Angiosperm phylogeny: 17 genes, 640 taxa

TitleAngiosperm phylogeny: 17 genes, 640 taxa
Publication TypeJournal Article
Year of Publication2011
AuthorsSoltis DE, Smith SA, Cellinese N, Wurdack KJ, Tank DC, Brockington SF, Refulio-Rodriguez NF, Walker JB, Moore MJ, Carlsward BS, Bell CD, Latvis M, Crawley S, Black C, Diouf D, Xi Z, Rushworth CA, Gitzendanner MA, Sytsma KJ, Qiu Y-L, Hilu KW, Davis CC, Sanderson MJ, Beaman RS, Olmstead RG, Judd WS, Donoghue MJ, Soltis PS
JournalAmerican Journal of Botany
Date Published2011 Apr
KeywordsAngiosperms, Cell Nucleus, Chloroplasts, DNA, Evolution, Genes, Genome, Mitochondria, Molecular, Nucleotides, phylogeny, Plant, Sequence Analysis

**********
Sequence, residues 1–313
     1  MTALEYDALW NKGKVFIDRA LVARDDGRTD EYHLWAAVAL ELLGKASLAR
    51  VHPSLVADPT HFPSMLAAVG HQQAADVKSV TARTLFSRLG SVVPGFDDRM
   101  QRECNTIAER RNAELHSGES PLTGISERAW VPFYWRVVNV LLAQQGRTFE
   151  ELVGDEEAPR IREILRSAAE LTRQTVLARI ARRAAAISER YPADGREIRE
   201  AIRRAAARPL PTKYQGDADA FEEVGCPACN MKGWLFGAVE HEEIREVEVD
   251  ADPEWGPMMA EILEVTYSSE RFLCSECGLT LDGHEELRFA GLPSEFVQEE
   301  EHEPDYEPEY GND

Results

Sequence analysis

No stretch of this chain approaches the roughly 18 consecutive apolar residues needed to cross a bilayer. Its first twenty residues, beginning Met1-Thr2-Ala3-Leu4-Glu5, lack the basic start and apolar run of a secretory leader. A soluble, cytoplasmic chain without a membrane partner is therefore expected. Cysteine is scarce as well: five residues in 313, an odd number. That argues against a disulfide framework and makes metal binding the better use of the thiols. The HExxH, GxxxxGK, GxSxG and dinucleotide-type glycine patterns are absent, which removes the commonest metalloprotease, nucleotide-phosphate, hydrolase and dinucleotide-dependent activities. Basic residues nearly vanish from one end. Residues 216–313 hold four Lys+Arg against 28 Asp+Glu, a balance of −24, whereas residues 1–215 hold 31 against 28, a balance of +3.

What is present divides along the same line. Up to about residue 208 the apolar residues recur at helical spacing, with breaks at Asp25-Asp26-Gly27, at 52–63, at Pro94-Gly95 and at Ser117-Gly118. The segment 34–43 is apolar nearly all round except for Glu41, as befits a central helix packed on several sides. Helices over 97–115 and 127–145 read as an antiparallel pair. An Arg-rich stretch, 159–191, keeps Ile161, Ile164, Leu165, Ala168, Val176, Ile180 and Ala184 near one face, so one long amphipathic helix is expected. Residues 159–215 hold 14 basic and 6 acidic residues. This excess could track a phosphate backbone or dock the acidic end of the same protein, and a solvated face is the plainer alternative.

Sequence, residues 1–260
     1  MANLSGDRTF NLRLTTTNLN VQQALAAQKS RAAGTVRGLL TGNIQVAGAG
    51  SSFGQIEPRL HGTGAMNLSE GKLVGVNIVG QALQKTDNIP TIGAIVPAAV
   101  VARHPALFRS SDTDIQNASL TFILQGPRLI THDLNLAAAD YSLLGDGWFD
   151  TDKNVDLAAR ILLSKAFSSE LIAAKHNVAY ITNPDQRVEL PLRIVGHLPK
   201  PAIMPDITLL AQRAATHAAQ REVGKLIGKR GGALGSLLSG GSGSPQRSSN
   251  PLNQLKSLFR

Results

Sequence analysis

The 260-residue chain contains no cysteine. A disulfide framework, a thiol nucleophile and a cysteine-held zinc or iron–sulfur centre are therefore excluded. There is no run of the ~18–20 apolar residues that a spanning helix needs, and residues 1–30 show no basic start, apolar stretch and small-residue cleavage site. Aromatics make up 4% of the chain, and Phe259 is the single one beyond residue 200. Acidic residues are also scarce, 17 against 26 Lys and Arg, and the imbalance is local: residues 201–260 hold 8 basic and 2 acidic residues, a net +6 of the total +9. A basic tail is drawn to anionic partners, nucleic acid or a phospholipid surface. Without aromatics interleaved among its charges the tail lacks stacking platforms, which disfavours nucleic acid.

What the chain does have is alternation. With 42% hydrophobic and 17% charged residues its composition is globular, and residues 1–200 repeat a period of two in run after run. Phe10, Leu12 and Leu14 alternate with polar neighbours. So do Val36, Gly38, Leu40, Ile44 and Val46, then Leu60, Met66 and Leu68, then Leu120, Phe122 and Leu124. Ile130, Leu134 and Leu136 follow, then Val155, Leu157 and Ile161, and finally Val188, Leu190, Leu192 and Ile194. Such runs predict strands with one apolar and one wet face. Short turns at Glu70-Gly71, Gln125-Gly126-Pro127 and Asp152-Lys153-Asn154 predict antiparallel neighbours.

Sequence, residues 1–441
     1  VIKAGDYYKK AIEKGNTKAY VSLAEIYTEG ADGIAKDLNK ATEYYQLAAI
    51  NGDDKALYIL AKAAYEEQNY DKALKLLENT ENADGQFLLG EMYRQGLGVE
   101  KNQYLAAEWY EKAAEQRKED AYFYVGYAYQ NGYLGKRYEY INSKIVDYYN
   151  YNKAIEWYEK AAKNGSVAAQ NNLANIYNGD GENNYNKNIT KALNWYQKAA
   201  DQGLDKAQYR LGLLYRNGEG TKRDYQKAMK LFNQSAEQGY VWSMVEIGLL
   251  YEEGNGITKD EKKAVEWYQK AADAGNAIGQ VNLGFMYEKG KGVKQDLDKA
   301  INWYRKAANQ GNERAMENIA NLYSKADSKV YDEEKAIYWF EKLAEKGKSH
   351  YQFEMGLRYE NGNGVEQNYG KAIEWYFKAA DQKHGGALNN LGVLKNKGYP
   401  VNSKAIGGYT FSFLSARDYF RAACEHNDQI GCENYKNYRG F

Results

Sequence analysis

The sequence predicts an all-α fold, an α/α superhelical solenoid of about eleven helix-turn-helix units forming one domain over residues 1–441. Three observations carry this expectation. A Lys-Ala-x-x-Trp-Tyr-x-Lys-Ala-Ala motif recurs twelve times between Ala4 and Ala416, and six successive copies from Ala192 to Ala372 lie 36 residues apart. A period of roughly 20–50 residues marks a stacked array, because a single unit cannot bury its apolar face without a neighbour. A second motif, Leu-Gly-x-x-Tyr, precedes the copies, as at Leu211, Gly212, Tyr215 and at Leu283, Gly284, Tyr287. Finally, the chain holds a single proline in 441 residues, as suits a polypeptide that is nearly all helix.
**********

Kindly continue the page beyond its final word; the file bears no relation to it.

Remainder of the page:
PREMISE OF THE STUDY: Recent analyses employing up to five genes have provided numerous insights into angiosperm phylogeny, but many relationships have remained unresolved or poorly supported. In the hope of improving our understanding of angiosperm phylogeny, we expanded sampling of taxa and genes beyond previous analyses. METHODS: We conducted two primary analyses based on 640 species representing 330 families. The first included 25260 aligned base pairs (bp) from 17 genes (representing all three plant genomes, i.e., nucleus, plastid, and mitochondrion). The second included 19846 aligned bp from 13 genes (representing only the nucleus and plastid). KEY RESULTS: Many important questions of deep-level relationships in the nonmonocot angiosperms have now been resolved with strong support. Amborellaceae, Nymphaeales, and Austrobaileyales are successive sisters to the remaining angiosperms (Mesangiospermae), which are resolved into Chloranthales + Magnoliidae as sister to Monocotyledoneae + [Ceratophyllaceae + Eudicotyledoneae]. Eudicotyledoneae contains a basal grade subtending Gunneridae. Within Gunneridae, Gunnerales are sister to the remainder (Pentapetalae), which comprises (1) Superrosidae, consisting of Rosidae (including Vitaceae) and Saxifragales; and (2) Superasteridae, comprising Berberidopsidales, Santalales, Caryophyllales, Asteridae, and, based on this study, Dilleniaceae (although other recent analyses disagree with this placement). Within the major subclades of Pentapetalae, most deep-level relationships are resolved with strong support. CONCLUSIONS: Our analyses confirm that with large amounts of sequence data, most deep-level relationships within the angiosperms can be resolved. We anticipate that this well-resolved angiosperm tree will be of broad utility for many areas of biology, including physiology, ecology, paleobiology, and genomics.